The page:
Koestler s principle character, Rubashov, spends his entire adult life pushing the master narrative of the Soviet Revolution only to fall victim to it when the Stalinist purges of the 30s come calling He s arrested, seemingly for no reason, and forced to swallow the same cold philosophy he not only espoused but also used to justify the deaths of friends, compatriots, and even his lover The Soviet prison where he finds himself is a Kafkaesque nightmare, but for Rubashov, all the conflict is inter [...]

    22. arcobaleno on said:

      Non credo pi nella mia infallibilit Una lettura che mi ha preso un po alla volta una partenza difficile, un momento di rifiuto, un proseguimento faticoso in attesa poi l inaspettato coinvolgimento, l interesse e la piena partecipazione fino all ultima pagina Una scrittura profonda, condotta con una lucidit sconvolgente una speculazione spietata del Totalitarismo, cui non viene mai associato un nome particolare, ma che viene scrutato in tutti i suoi aspetti una indagine della costruzione logica d [...]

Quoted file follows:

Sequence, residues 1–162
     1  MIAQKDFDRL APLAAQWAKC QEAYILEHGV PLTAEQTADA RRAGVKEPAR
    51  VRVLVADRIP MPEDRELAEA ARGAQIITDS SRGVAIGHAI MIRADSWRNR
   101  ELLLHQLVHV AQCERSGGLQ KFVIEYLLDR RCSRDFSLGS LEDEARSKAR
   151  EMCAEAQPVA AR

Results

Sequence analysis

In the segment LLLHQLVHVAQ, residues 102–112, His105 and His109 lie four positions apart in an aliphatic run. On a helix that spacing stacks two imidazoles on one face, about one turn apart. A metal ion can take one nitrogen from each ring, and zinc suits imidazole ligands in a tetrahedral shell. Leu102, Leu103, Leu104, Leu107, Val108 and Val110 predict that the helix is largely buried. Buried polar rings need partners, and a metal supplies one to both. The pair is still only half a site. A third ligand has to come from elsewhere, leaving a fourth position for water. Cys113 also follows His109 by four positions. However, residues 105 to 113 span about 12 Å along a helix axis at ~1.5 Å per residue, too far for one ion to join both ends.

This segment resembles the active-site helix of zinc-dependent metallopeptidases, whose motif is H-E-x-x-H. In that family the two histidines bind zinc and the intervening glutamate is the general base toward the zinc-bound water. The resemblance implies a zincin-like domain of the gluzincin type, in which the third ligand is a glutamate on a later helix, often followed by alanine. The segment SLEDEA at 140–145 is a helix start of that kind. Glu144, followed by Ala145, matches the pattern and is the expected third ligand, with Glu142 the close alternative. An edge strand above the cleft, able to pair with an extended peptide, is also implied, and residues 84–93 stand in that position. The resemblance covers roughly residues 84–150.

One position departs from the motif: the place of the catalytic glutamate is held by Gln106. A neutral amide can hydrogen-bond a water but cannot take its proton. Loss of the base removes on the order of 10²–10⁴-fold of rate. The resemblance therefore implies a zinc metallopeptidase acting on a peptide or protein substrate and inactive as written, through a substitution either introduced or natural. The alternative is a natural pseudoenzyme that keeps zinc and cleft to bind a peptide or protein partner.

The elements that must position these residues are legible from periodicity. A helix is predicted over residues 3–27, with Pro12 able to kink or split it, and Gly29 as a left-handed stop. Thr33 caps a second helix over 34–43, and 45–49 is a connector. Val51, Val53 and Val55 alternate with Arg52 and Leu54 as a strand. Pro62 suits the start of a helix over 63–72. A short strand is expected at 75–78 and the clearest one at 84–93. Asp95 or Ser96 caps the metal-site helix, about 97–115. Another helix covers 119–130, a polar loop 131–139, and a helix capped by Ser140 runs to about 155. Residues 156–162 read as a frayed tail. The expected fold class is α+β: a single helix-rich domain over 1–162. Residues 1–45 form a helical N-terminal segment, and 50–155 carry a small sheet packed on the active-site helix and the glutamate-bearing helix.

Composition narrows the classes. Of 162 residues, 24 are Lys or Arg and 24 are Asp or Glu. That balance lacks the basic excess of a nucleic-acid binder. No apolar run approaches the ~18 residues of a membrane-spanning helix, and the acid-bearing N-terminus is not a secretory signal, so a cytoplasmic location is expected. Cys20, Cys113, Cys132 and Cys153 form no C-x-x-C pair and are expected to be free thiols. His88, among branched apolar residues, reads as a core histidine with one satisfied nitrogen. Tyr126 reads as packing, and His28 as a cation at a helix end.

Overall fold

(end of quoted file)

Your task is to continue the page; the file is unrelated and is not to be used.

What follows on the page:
23. Blair on said:

      Darkness at Noon is a dramatised version of real events, an obvious but unnamed simulacrum of Stalinist Russia, with Rubashov, formerly a senior member of the Party, suddenly arrested and imprisoned for invented crimes Driven not by character or plot but by ideas, it depicts Rubashov s state of mind and thought process as his incarceration forces him to contemplate the part he has played in building a dictatorship, and his disillusionment with the political philosophy he has imposed on others It [...]

    24. Ahmad Sharabiani on said:

      Darkness at Noon, c1940, Arthur Koestler 1379 240 9646235239 20 1391 245 9789642091324 230 184